Articles | Volume 9, issue 1
© Author(s) 2023. This work is distributed underthe Creative Commons Attribution 4.0 License.
Forest liming in the face of climate change: the implications of restorative liming for soil organic carbon in mature German forests
- Final revised paper (published on 12 Jan 2023)
- Supplement to the final revised paper
- Preprint (discussion started on 03 Jun 2022)
Comment types: AC – author | RC – referee | CC – community | EC – editor | CEC – chief editor |
: Report abuse
RC1: 'Comment on egusphere-2022-306', Anonymous Referee #1, 07 Jul 2022
- AC2: 'Reply on RC1', Oliver van Straaten, 07 Oct 2022
RC2: 'Comment on egusphere-2022-306', Anonymous Referee #2, 07 Aug 2022
- AC1: 'Reply on RC2', Oliver van Straaten, 07 Oct 2022
Peer review completion
AR: Author's response | RR: Referee report | ED: Editor decision | EF: Editorial file upload
ED: Revision (10 Oct 2022) by Claudio Zaccone
AR by Oliver van Straaten on behalf of the Authors (10 Oct 2022) Author's response Author's tracked changes Manuscript
ED: Referee Nomination & Report Request started (10 Oct 2022) by Claudio Zaccone
RR by Anonymous Referee #1 (19 Oct 2022)
RR by Anonymous Referee #2 (04 Nov 2022)
ED: Publish as is (04 Nov 2022) by Claudio Zaccone
ED: Publish as is (04 Nov 2022) by Jeanette Whitaker(Executive editor)
AR by Oliver van Straaten on behalf of the Authors (08 Nov 2022) Manuscript
These are my comments about the paper 'Forest liming in the face of climate change: the implications of restorative liming on soil organic carbon in mature German forests', of Oliver van Straaten et al., submited to EGUsphere.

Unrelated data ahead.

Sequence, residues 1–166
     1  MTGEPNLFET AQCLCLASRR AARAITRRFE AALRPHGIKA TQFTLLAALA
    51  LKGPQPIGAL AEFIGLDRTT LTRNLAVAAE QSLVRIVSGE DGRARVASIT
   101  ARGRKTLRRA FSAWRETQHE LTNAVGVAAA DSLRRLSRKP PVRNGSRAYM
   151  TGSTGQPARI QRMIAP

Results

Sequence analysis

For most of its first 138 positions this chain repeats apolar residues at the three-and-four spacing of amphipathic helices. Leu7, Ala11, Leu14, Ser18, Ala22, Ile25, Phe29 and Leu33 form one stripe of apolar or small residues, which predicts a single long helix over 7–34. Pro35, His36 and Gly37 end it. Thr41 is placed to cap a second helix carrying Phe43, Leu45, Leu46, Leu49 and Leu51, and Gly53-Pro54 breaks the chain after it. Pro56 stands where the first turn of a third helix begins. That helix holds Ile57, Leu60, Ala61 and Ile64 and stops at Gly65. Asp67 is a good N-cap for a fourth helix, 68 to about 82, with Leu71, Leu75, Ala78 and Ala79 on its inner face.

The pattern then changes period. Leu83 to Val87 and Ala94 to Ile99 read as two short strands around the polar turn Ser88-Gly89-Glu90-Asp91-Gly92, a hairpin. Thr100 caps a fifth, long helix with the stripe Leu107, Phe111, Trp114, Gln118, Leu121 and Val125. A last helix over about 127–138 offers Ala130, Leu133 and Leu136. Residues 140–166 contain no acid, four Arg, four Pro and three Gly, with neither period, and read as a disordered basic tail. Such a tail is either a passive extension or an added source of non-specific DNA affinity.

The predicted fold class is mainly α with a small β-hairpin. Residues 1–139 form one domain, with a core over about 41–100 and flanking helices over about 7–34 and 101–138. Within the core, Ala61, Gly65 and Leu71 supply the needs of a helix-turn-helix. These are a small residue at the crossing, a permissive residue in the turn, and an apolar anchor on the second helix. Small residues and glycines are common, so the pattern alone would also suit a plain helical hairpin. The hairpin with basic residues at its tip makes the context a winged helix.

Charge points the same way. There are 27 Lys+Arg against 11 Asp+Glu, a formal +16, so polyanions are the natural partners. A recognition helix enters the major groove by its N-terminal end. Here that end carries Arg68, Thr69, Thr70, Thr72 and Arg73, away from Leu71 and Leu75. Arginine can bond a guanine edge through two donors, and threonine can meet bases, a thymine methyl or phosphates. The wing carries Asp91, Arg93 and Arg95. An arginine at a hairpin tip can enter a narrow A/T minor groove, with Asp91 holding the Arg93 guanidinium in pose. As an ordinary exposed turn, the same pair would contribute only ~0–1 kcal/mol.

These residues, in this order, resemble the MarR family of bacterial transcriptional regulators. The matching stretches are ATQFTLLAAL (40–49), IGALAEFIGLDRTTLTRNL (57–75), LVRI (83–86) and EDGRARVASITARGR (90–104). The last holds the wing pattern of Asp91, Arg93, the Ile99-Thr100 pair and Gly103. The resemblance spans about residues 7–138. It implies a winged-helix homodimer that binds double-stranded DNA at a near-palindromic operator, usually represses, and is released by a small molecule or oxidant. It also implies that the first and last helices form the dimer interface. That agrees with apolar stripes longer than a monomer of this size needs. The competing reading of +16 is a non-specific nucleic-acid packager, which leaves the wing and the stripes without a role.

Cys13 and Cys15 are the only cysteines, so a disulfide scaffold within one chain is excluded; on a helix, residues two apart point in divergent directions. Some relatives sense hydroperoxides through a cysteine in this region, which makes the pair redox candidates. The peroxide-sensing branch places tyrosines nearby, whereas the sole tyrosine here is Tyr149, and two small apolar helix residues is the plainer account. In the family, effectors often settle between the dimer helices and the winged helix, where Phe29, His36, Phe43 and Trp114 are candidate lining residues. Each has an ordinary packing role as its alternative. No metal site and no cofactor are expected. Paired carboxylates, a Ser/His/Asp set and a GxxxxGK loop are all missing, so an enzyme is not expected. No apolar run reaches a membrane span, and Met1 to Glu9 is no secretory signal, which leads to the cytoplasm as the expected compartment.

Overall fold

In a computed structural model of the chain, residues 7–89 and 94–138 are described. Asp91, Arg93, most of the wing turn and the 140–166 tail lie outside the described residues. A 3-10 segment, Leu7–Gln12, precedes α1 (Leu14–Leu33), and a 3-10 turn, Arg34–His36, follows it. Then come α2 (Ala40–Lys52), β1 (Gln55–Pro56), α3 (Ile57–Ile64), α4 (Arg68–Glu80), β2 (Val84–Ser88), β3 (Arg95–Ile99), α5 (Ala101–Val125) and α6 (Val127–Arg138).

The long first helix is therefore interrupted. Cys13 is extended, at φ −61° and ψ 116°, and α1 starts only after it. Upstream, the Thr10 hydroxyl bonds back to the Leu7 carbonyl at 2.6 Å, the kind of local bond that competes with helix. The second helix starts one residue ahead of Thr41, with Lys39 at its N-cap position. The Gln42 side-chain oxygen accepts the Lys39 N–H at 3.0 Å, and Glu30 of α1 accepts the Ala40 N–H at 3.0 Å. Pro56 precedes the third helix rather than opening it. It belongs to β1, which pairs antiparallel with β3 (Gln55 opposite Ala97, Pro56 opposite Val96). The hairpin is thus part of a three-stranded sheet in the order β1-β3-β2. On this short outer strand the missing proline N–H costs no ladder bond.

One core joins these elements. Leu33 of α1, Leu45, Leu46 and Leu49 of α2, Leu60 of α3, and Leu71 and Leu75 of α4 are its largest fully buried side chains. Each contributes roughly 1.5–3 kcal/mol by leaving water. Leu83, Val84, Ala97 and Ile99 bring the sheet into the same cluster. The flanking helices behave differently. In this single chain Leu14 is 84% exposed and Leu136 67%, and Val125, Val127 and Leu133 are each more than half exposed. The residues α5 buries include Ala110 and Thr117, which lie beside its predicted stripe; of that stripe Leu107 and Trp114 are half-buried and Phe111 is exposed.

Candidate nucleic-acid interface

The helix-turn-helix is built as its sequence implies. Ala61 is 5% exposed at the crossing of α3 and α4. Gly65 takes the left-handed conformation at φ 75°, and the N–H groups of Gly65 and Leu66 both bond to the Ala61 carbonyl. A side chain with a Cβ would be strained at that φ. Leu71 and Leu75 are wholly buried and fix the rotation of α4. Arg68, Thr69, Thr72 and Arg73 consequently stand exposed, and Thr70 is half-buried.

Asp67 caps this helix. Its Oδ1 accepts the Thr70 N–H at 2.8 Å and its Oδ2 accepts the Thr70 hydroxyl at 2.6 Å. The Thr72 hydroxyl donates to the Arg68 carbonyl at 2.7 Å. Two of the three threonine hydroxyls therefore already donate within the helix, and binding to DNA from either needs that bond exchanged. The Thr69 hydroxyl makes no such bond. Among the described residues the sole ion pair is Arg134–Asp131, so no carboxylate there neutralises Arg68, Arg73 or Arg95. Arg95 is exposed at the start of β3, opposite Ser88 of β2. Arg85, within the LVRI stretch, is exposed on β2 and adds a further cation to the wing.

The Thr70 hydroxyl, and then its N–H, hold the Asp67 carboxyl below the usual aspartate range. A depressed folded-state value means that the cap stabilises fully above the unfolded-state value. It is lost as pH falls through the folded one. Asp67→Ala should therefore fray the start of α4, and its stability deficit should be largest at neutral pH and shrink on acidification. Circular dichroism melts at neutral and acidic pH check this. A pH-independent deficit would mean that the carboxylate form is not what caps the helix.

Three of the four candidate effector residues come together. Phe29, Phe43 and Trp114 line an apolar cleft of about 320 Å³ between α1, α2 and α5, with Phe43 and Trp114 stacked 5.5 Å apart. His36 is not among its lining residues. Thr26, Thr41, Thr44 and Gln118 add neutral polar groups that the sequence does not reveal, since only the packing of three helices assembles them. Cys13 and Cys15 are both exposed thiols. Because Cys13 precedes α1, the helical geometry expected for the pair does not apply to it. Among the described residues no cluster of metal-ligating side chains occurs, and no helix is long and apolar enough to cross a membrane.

It is a good paper, worth to be published. However, I have four main comments, which perhaps need a bit of attention from the authors, and also several minor complaints, mostly about small details of writing, which can be solved by authors (I assume) without special problems.
Authors collect a nice set of paired plots, covering a variety of climates and situations, and thus they may explore their dataset in search for a variety of correlations and comparisons. Perhaps too much; this is evidenced by the huge amount of figures and tables, many of them are placed in an 'Annex' chapter: by the way, to me it is not clear whether this 'ANNEX' equals to a 'Supplementary Material': will these figures appear in the main core of the published paper?
The huge number of relationships studied makes difficult for authors maintain the focus. A reduction in the number of topics treated could help to make the paper easier to read. See below, for instance, my suggestion about reducing the space devoted to soil textural effects.
Four main aspects should be clarified:
a) How relevant are the changes in SOC stocks?